APS Fellow Ed Palmer, Davidson College, believes interactive media will provide the next wave of children’s educational material. “We can educate kids about TV viewing through computer software,” said Palmer (no relation to the psychologist Ed Palmer who played a major role in Sesame Street‘s early days). But with the potential benefits of interactive media, said Palmer, come the caveats. As children’s programs move from cable television to digital television and the Internet, the already-limited commercial aspect will disappear entirely, forcing advertisers to invade children’s media in other, subtler ways. “When a kid buys a game now, the advertising company outfits it with their ads, and kids don’t have a clue this is happening,” Palmer said. “Kids give the same credibility to commercials as programming. We need education to get on top of sophistication in the Internet — what the advertising industry is already on top of. If we get there with educational messages, I think we’d have a major stride forward.”
It Isn’t Easy Eating Green
Recently, Sesame Workshop launched a program intended to do exactly what Palmer believes it should: use educational message to make a positive social impact. The program, called Healthy Habits for Life, addresses the growing problem of child obesity. The problem is so bad that Cookie Monster now calls cookies a “sometimes food,” said Jennifer Kotler, the workshop’s director of research. “We’re trying to promote nutrition and healthy segments of shows,” Kotler said. “We realized there’s not much research out there on how to get preschool kids to like healthier foods.”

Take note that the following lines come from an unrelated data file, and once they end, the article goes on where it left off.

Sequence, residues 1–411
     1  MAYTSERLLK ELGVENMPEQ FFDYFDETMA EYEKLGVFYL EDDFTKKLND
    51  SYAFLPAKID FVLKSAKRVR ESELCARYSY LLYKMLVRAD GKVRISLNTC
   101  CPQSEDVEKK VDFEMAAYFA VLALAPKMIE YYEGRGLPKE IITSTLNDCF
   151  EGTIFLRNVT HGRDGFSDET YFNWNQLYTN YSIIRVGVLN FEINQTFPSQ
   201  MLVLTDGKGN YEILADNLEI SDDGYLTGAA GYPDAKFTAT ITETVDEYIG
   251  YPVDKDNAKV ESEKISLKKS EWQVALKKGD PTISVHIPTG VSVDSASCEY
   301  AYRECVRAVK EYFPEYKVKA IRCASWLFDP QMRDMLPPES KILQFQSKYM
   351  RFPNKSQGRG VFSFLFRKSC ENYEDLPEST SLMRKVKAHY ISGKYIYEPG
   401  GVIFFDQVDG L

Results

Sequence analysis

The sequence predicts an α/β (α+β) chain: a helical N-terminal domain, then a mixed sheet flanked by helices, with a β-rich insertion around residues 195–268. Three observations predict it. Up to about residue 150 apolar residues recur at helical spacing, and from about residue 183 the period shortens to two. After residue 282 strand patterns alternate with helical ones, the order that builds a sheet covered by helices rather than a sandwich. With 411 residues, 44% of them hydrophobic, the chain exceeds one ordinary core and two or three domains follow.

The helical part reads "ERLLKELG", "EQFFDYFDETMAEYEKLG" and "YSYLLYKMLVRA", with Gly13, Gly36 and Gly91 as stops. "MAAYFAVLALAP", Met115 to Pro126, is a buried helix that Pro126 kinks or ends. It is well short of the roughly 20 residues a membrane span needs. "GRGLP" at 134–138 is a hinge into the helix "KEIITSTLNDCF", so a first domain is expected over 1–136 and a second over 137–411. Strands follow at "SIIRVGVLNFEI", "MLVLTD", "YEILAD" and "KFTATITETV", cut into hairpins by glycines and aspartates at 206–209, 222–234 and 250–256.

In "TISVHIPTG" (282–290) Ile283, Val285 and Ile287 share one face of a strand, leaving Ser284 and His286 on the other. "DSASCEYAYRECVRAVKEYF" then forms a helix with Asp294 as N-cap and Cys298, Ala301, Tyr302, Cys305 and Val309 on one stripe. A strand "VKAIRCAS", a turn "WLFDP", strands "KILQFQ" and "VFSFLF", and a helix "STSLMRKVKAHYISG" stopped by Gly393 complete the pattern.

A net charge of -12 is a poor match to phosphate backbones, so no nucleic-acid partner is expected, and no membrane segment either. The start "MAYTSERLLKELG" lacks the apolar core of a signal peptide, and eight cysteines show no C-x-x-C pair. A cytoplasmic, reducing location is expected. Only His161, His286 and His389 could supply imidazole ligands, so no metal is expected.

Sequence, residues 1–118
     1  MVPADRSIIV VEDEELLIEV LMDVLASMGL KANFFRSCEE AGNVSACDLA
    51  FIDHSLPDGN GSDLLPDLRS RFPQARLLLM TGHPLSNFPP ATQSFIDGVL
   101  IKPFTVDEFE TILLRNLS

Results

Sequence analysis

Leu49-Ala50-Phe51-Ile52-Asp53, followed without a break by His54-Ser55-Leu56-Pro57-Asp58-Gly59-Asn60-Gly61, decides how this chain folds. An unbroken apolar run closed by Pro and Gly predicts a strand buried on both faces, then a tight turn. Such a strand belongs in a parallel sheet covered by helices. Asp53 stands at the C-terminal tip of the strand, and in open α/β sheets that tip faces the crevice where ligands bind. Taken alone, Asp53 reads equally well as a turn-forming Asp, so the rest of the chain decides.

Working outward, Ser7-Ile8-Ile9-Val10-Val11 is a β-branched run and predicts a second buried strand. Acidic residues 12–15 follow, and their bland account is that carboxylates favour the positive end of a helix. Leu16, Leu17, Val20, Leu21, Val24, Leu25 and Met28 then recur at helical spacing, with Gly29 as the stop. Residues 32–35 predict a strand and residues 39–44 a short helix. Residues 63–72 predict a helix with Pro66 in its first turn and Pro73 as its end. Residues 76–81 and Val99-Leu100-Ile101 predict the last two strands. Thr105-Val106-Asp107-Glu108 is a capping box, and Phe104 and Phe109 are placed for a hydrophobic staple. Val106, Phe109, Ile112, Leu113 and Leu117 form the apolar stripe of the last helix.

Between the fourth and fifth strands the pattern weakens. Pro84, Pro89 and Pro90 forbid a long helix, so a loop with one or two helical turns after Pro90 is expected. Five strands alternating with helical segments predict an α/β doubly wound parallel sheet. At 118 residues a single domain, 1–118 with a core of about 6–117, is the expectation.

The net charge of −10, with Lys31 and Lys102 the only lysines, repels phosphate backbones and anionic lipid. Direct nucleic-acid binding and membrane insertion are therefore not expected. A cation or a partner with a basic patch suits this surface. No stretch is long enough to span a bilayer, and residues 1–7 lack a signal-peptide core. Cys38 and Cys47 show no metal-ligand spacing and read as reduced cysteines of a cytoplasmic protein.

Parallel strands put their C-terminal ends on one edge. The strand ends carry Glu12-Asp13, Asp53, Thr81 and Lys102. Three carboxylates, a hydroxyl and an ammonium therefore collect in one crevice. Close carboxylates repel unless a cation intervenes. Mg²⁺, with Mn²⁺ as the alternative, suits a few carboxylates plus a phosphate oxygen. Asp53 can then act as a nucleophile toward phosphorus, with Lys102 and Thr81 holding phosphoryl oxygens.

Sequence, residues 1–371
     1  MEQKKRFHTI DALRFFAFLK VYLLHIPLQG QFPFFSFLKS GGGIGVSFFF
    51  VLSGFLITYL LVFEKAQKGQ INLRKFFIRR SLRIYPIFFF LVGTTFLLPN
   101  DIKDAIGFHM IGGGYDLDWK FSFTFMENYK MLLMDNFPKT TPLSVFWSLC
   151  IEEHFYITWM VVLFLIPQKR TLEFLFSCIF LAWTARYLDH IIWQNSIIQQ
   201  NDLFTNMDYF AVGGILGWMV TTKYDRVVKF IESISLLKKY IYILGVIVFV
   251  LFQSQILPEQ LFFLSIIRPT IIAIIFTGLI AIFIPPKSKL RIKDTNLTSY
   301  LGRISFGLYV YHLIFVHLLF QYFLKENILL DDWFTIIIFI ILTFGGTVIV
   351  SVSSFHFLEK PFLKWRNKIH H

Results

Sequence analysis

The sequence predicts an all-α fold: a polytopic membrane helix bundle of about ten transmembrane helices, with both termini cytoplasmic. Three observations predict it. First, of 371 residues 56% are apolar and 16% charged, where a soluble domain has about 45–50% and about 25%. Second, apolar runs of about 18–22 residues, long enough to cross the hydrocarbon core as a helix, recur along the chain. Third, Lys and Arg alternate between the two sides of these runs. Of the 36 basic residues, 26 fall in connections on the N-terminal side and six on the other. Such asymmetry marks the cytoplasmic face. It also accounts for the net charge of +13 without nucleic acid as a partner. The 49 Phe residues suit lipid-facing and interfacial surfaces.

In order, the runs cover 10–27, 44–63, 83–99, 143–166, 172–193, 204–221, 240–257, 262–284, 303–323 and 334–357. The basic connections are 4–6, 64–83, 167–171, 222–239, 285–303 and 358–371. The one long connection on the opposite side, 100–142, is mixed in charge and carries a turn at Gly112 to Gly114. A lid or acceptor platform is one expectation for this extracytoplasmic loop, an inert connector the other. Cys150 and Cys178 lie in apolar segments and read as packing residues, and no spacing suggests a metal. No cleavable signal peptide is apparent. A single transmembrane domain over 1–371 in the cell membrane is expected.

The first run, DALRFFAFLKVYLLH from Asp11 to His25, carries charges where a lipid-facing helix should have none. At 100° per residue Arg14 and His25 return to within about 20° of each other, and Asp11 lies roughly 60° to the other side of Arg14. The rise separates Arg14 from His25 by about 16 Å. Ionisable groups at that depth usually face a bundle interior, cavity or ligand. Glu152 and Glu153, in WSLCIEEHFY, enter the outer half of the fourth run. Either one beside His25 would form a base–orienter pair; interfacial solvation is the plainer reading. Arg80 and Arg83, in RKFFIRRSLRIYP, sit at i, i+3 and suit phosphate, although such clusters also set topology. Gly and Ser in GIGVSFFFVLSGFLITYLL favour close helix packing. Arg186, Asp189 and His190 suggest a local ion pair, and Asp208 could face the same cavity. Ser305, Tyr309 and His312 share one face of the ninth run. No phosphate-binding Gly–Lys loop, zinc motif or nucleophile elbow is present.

To tackle the problem, the workshop called in one of the experts: Elmo. The ticklish red Muppet with the high-pitched voice is the face of the Elmo-Broccoli study, which has helped researchers find out what 3-, 4-, and 5-year-olds think of when they hear the word “healthy.” It doesn’t take a trained researcher to know that given the option of broccoli or chocolate, children will choose chocolate. But what researchers did find interesting was that as children get older they seem to have a better sense of what’s healthy, even though their preference for the unhealthier option stays the same. “A 3-year-old thinks what he likes is healthy, but a 5-year-old knows it’s not,” Kotler said. “That’s a two-year window where we might be able to intervene with education.”